Daily Wire Tip Oct. 25: Match or Clash? Clasps with Colored Wire

By on October 24, 2010
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Daily Wire Jewelry Making Tip for
October 25, 2010


When using colored wire/jump rings, what is the best color choice for clasps, etc?

-Meredith in Calgary, Alberta


As the designer, you will be the one to make that choice. Think about what colors you are using and what metal goes best with them. How about looking through current fashion magazines to see what is more popular in your area of the world?

To learn more about putting colors together in general, you can watch our video tutorial titled Jewelry Making and Color: Using a Color Fan.

Often, your gut feeling is the right way to go. If a customer doesn’t like your choice, you can always take an order and make a note in your designer notebook.

Answer contributed by Dale “Cougar” Armstrong

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  1. avatar


    October 25, 2010 at 8:42 am

    I have often used the same colored wire and fashioned it into a hook and eye type clasp.

  2. avatar


    October 25, 2010 at 2:37 pm

    If you are using chain as well as wire-work, it can sometimes be a challenge to match the wire to the chain, and the clasp to both.

    While multi-metals are quite trendy right now, it can be a serious challenge to get almost-matching colors from different sources to look professional together.

    For example, I ordered some gunmetal chain, and some gunmetal wire. They looked, on the computer screen, like they’d match.

    When I got them, however, it was a different story: the wire was tinted too green and yellow. This made it a good match for oxidized brass, but a terrible choice for the buff silver/gray of the chain. Certainly not the color I was expecting to be called “gunmetal”.

    Other types of gunmetal have a lot of black in the color mix, and go better with black chain than the gunmetal they claim to imitate. Sometimes that has a slightly “oil-slick” surface that doesn’t go easily with either the black or what most manufacturers are calling “gunmetal”.

    While it looks black in some strong artificial light, it displays a warm charcoal in sunlight. This can be especially frustrating in clasps, where it can be difficult to find chain in that color.
    These sorts of things can seem insurmountable.

    I have a few tricks that seem to work for me.

    I find that antiqued silver goes with many different kinds of silver-hued chain, from bright silver to black, provided you use a mix of silvers. Ditto with antiqued gold, for both oxidized brass and various gold hues. My rule of thumb is that the more oxidization overall your design has, the more oxidized the clasp should be.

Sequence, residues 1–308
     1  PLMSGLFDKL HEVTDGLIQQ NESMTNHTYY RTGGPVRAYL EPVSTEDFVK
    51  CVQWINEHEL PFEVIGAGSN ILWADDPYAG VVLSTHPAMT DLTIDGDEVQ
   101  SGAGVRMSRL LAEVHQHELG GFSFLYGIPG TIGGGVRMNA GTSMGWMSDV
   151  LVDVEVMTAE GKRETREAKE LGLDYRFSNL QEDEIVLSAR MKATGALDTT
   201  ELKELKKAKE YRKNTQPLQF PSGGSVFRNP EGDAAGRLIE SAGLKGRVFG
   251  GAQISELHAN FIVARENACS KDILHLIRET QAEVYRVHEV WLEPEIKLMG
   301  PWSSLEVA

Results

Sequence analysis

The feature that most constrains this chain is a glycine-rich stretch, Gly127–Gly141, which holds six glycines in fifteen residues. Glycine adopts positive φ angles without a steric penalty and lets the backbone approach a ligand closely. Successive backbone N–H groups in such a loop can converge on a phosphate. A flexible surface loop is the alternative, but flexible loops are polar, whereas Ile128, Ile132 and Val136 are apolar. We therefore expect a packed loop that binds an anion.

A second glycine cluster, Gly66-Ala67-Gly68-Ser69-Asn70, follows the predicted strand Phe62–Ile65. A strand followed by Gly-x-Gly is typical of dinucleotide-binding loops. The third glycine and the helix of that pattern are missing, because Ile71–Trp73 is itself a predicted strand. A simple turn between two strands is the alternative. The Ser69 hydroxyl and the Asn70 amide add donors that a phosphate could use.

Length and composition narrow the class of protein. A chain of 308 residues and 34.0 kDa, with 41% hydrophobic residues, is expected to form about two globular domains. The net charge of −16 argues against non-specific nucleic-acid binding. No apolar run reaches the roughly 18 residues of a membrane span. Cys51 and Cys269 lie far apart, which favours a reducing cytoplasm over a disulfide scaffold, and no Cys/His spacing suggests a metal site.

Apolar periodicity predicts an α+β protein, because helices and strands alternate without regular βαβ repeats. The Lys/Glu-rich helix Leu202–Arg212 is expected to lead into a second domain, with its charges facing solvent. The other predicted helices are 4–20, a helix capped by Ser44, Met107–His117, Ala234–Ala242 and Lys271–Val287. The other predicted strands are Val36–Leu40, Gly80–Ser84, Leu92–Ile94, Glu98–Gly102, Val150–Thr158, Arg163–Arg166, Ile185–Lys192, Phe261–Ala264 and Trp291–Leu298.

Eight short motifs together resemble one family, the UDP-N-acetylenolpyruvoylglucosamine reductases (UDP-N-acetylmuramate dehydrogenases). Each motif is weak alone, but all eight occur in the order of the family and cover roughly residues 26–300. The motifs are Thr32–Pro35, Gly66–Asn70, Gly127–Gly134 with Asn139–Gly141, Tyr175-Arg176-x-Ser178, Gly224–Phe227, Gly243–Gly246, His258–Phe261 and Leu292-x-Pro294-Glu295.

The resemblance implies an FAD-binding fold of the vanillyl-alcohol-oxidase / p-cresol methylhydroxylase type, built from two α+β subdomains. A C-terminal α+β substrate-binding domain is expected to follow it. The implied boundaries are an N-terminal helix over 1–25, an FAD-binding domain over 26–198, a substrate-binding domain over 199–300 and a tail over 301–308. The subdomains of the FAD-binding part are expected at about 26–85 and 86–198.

If I am using both gold and silver, especially if it’s shiny, I will often go for one half of the clasp in silver and one in gold. This “split the difference” technique also works well with black and silver, copper and silver, and even more varied designs.

    If my design has that “oil slick” color, or lots of black, I will sometimes just take one of my plated or sterling clasps and oxidize it completely black.

    If you play your cards right, you can even get that “oil slick” look on the black, but you can’t always guarantee that, especially with plate. It depends on the quality of the plating, how pure the silver was that they used, and other manufacturing factors that are mysterious to me. :) Also, oxidizing plated items is risky business because if the plate is thin you can ruin your item rather than make it look pretty. So it only makes sense to try this if you buy your plated items in bulk and can afford to loose a few in the name of experimentation.

    I tend to seal my oxidized silver with a thin, polymer based clear sealer that won’t yellow over time.

    Others might object, particularly if it’s sterling, but it means the coating is more durable for the customer. After cleaning a piece, they don’t suddenly discover that what they have is silver… or worse if it’s plate.

    PS. I make sure to inform the customer if I used plated items or sterling in the construction of the piece. My choices generally depend on price points and design considerations such as wear and tear.

    I prefer to use sterling, but for some pieces it’s over-kill price wise.

  3. avatar


    October 25, 2010 at 2:59 pm

    I am an artist (before I became a jewelry designer) and also have done “Color Analysis” by the season – that would be a good way to determine a metal color to go with colored wires. If the wire is cool colored (blue, purple, cool green) use silver with it – if the wire colors are warm (yellow, orange, bright red, brown) use gold with it. It would also be wise to use copper clasps with the rusts, golds, oranges and browns. Hope this helps.

  4. avatar

    Tami Brewer

    October 25, 2010 at 11:01 pm

    When I make my colored jewelry I use silver, gold and copper clasps. I have found that when I just used one base metal I would be asked if I had a different color of clasp. I usually have my supplies with me and will make the change.